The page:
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Sunday, July 03, 2016

Henri Cartier-Bresson [What I learned]

Readers of my blog [few you may be, but much treasured!] will know that I had just finished reading The Mind's Eye by Henri Cartier-Bresson, one of the most well-known photographers of the 20th century and responsible for the concept of the 'decisive moment'. After that, I was intrigued enough to find out more, so I bought another book which was a mix of biography and photo portfolio to learn more about him.

What I read was exciting in that it made me think more about what photography meant to me. There were lessons I picked up from the book and from his work, some of which I felt could be applied to my own photography skills, some I couldn't quite agree with, but hey, you can't win them all. These I have put in the form of Nutshells for me to remember much more easily. 

So here, in a nutshell, are:

My HCB Nutshells

Know your Geometry
The Golden Ratio, the Golden Mean, the Rule of Thirds, Cartier-Bresson considered knowledge of these essential for good photography and used them in many of his most famous work. To him, you had to have a good understanding of how geometry affected composition to take a good photo. "In the beginning, there was the Word... Well, in my case: 'In the beginning, there was geometry.'" he said in an interview. 

What I've Done
This shot is one that I feel shows geometry. The man is walking along a path which acts as a line of symmetry between the blocks of flats which flank him on either side. A flaw might be that the trees are not exactly symmetrical but at least they break up the monotony of the flats. (Plus, you can't always choose to move trees!) Could this shot have worked without the man? I don't think so, because I feel he adds some human element to it. 

Nutshell: Be familiar with rules of composition and apply them in your photos.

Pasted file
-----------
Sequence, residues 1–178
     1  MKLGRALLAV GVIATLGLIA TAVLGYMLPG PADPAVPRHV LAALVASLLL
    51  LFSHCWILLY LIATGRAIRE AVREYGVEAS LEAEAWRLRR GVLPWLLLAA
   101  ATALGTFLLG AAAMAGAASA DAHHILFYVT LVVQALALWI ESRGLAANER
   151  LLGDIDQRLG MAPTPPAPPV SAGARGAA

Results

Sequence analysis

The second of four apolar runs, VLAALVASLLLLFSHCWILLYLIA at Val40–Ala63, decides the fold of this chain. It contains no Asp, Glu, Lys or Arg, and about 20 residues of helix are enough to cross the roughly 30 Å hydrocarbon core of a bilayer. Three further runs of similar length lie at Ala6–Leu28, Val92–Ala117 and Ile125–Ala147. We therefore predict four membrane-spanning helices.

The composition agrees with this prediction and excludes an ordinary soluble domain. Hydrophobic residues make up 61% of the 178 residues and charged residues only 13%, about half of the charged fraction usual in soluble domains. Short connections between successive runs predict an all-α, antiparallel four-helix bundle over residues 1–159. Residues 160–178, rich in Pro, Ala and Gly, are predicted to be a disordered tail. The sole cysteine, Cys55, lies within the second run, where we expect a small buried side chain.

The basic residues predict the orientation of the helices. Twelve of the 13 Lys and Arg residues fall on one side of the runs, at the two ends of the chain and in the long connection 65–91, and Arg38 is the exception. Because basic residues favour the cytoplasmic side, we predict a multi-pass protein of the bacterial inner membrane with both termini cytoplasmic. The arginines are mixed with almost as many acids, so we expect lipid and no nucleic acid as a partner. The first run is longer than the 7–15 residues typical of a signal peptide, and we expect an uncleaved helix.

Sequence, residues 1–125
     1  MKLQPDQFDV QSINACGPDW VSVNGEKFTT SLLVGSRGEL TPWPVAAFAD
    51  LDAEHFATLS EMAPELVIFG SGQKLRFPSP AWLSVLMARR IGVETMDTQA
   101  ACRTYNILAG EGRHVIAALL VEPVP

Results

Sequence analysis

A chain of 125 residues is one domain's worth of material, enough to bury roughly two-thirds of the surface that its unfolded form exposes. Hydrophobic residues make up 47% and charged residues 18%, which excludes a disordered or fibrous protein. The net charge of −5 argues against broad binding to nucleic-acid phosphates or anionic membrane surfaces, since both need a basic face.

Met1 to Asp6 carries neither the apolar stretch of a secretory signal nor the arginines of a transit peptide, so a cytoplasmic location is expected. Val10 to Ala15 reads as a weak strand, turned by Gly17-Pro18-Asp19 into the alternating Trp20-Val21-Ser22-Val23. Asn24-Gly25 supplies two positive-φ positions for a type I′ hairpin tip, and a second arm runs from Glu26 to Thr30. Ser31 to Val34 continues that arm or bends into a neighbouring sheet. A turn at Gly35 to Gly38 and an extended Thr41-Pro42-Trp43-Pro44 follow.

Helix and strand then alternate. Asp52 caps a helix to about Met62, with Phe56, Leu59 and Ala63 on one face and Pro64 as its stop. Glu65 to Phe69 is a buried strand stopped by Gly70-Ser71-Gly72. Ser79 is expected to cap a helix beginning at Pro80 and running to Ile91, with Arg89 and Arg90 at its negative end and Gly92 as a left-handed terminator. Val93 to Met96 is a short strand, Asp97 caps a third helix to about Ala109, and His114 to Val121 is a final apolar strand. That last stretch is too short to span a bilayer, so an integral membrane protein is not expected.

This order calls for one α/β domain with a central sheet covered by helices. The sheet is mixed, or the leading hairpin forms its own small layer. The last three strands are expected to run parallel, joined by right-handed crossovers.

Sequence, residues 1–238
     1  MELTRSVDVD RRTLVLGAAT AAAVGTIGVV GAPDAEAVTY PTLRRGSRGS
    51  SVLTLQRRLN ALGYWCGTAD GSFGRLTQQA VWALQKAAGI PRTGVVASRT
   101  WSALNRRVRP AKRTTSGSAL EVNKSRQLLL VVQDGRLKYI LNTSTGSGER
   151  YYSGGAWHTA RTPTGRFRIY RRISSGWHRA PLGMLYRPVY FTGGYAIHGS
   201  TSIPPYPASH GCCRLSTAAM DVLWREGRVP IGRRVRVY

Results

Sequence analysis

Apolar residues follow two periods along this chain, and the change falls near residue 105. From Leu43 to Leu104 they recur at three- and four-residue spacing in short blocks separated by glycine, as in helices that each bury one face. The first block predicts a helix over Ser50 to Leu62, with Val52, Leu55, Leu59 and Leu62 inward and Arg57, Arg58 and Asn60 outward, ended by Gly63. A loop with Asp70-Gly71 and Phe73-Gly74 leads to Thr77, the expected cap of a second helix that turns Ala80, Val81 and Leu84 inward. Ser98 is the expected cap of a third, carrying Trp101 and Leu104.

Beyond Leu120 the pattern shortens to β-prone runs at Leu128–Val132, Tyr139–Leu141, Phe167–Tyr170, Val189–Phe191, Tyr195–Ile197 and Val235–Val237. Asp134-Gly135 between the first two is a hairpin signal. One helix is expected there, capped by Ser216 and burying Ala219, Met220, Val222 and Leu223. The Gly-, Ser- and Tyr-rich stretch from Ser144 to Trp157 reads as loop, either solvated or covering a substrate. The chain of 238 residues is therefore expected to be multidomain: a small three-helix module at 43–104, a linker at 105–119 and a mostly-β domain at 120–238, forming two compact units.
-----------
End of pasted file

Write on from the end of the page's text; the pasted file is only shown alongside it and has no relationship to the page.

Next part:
Get yourself in and look at people.
No staying behind the camera and no selfie sticks for Cartier-Bresson. To really know where to catch the action, you have to be a participant in it. That means no telephoto lens from a distance, unless you are a tabloid paparazzi. Get into the midst of things, observe the people around and get up close to them. 

What I've done
To get my shots at the CNY bazaar in Chinatown, for one, I actually had to be in the bazaar, instead of driving through in a car, or standing at the side alleys! I also had to observe the people around me and how the stall owners and customers were interacting.

Nutshell: Observe what's around you and participate 

The last nutshell is one I especially like, that seems to encapsulate everything about photography: 

“To photograph: it is to put on the same line of sight the head, the eye and the heart.” 
Taken from Goodreads.

So have the head remember the rules, have the eye observe all and let your heart tell you when to press the shutter button. Practise, practise, practise till all of it is so embedded in your head it becomes a reflexive action. And take at least 10,000 photos. :) 

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